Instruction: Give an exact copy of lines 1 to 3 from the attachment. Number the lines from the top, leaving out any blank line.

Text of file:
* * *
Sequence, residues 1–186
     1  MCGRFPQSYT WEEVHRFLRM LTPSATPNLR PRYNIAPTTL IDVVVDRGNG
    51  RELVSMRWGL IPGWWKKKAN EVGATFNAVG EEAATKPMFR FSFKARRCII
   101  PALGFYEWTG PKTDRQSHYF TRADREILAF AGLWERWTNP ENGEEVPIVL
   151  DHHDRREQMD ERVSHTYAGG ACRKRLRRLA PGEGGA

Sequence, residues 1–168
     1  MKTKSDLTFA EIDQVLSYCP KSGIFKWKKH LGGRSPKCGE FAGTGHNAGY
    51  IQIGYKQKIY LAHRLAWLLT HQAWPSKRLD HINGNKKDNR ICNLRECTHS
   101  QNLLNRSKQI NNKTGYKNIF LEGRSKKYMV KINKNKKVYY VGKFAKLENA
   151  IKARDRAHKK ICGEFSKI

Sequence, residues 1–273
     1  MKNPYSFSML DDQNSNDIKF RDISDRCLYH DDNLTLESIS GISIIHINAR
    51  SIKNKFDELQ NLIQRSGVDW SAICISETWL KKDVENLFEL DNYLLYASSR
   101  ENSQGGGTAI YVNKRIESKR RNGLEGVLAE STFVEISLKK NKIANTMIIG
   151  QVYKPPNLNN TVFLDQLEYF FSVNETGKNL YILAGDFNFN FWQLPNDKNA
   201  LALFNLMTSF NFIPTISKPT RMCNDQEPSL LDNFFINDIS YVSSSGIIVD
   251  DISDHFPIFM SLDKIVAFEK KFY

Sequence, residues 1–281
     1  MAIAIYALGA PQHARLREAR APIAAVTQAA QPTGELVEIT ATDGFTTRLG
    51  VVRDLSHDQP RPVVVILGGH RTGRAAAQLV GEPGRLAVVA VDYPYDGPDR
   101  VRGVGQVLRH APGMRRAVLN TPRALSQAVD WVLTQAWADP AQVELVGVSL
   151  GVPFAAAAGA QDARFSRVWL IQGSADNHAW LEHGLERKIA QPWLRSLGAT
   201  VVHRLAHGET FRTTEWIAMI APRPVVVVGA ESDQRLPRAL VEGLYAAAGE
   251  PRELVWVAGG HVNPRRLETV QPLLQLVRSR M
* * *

Sequence, residues 1–186
     1  MCGRFPQSYT WEEVHRFLRM LTPSATPNLR PRYNIAPTTL IDVVVDRGNG
    51  RELVSMRWGL IPGWWKKKAN EVGATFNAVG EEAATKPMFR FSFKARRCII